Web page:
Sam Baker and Lauren Laverne: Too busy to surf? Head to The Pool

Too busy to surf? Head to The Pool

A new website is trying to declutter the internet to help busy women. Holly Williams meets the founders
Heston Blumenthal to cook up a spice odyssey for British astronaut manning the International Space Station

UK's Major Tum to blast off on a spice odyssey

Nothing but the best for British astronaut as chef Heston Blumenthal cooks up his rations
John Harrison's 'longitude' clock sets new record - 300 years on

‘Longitude’ clock sets new record - 300 years on

Greenwich horologists celebrate as it keeps to within a second of real time over a 100-day test
Fears in the US of being outgunned in the vital propaganda wars by Russia, China - and even Isis - have prompted a rethink on overseas broadcasters

Let the propaganda wars begin - again

'Accurate, objective, comprehensive': that was Voice of America's creed, but now its masters want it to promote US policy, reports Rupert Cornwell
Why Japan's incredible long-distance runners will never win the London Marathon

Japan's incredible long-distance runners

Every year, Japanese long-distance runners post some of the world's fastest times – yet, come next weekend, not a single elite competitor from the country will be at the London Marathon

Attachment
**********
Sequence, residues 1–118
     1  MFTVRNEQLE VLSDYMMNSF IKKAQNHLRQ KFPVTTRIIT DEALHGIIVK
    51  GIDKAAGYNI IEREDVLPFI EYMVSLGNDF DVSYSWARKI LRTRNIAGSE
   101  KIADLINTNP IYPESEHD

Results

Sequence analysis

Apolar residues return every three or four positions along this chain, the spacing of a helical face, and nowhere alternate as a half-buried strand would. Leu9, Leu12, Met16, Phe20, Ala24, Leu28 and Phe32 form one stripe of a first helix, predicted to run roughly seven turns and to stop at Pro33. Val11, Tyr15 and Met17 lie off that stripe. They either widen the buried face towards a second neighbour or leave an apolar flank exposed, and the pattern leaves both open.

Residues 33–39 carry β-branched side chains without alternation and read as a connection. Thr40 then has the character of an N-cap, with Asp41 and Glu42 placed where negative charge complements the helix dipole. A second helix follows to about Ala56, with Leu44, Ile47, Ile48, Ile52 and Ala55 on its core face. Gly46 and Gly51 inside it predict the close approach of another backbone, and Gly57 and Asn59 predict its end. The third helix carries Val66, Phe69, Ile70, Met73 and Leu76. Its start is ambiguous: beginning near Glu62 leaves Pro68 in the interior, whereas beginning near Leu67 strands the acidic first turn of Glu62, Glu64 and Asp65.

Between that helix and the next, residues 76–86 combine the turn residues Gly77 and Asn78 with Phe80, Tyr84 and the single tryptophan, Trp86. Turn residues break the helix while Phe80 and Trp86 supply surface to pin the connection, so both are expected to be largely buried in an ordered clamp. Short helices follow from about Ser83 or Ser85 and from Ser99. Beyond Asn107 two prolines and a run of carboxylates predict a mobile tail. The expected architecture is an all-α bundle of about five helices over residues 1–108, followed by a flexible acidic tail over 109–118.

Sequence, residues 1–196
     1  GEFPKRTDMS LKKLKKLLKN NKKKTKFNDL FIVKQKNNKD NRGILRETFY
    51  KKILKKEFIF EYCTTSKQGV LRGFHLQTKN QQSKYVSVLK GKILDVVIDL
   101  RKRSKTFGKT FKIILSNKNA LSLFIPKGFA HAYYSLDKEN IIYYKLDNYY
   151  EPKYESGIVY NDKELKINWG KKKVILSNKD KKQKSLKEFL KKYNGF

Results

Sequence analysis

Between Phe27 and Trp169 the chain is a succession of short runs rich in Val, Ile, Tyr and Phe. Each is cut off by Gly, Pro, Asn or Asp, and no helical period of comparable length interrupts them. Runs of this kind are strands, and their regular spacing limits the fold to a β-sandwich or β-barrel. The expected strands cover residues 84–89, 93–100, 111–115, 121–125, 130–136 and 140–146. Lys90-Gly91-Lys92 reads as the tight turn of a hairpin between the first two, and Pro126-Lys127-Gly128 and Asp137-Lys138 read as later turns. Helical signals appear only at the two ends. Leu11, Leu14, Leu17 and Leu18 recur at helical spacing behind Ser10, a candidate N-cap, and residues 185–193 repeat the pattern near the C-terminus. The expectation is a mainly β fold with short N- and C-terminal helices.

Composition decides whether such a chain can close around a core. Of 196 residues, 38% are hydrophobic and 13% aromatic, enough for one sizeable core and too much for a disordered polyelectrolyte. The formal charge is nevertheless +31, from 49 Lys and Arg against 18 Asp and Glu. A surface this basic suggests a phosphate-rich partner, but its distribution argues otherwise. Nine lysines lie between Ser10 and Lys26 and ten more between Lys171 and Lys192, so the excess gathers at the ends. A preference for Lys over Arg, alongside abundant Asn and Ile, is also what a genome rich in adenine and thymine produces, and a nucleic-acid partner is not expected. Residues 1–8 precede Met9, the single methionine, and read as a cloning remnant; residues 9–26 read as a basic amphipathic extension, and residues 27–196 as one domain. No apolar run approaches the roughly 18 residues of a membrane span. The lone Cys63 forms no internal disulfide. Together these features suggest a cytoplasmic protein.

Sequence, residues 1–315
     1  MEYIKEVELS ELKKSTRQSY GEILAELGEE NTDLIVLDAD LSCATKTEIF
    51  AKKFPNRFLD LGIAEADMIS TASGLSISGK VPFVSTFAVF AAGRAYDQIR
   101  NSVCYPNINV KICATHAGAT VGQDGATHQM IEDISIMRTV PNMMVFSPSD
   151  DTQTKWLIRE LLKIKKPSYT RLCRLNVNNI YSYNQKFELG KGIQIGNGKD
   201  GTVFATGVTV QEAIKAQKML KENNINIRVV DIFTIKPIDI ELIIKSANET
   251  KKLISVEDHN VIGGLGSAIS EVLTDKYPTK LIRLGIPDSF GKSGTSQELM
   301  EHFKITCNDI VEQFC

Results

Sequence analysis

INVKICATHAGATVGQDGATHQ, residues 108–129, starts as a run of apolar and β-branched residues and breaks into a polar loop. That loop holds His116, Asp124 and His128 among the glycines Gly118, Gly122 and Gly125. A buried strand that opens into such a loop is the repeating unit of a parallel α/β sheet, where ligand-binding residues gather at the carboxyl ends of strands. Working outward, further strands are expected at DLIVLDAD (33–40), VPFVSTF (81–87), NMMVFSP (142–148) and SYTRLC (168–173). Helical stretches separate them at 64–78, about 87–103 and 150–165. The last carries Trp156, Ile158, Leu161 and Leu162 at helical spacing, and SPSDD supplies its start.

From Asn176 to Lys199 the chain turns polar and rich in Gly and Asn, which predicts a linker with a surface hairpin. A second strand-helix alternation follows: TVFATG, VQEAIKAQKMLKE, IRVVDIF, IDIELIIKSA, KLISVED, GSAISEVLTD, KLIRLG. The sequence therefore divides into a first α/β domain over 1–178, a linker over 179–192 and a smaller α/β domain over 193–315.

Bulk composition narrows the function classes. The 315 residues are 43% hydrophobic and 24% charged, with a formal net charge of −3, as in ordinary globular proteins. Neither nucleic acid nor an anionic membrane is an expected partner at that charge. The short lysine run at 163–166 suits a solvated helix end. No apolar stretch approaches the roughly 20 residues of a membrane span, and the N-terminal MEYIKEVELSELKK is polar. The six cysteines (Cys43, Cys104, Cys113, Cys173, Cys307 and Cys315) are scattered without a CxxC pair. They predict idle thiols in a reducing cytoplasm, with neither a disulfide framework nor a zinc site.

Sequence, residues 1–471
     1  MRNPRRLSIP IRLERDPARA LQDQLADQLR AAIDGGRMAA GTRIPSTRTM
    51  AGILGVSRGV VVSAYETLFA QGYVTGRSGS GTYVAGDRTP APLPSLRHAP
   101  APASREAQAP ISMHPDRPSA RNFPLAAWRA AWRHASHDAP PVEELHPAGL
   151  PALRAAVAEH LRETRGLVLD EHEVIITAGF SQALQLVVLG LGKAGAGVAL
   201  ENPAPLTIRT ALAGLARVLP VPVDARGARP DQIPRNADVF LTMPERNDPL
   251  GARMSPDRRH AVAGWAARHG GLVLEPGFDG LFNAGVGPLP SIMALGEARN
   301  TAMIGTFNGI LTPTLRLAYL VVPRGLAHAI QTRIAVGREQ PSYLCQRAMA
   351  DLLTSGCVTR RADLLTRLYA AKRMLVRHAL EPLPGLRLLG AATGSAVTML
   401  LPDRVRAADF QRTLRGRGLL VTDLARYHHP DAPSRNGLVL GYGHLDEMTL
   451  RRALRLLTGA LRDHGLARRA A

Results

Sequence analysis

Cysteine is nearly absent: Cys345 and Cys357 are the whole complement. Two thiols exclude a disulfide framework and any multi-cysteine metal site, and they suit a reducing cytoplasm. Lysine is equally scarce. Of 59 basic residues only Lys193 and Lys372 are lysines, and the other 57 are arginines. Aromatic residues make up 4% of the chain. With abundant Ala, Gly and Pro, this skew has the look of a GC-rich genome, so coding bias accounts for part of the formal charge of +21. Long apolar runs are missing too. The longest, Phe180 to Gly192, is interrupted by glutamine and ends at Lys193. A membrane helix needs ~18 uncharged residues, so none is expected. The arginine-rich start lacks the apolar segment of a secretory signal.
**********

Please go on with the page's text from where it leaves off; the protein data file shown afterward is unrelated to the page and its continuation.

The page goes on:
Why does Tom Drury remain the greatest writer you've never heard of?

Tom Drury: The quiet American

His debut was considered one of the finest novels of the past 50 years, and he is every bit the equal of his contemporaries, Jonathan Franzen, Dave Eggers and David Foster Wallace
You should judge a person by how they peel a potato

You should judge a person by how they peel a potato

Dave Hax's domestic tips are reminiscent of George Orwell's tea routine. The world might need revolution, but we like to sweat the small stuff, says DJ Taylor
Beige is back: The drab car colours of the 1970s are proving popular again

Beige to the future

Flares and flounce are back on catwalks but a revival in ’70s car paintjobs was a stack-heeled step too far – until now
Bill Granger recipes: Our chef's dishes highlight the delicate essence of fresh cheeses

Bill Granger cooks with fresh cheeses

More delicate on the palate, milder, fresh cheeses can also be kinder to the waistline
Aston Villa vs Liverpool: 'This FA Cup run has been wonderful,' says veteran Shay Given

Shay Given: 'This FA Cup run has been wonderful'

The Villa keeper has been overlooked for a long time and has unhappy memories of the national stadium – but he is savouring his chance to play at Wembley
Timeless drama of Championship race in league of its own - Michael Calvin

Michael Calvin's Last Word

Timeless drama of Championship race in league of its own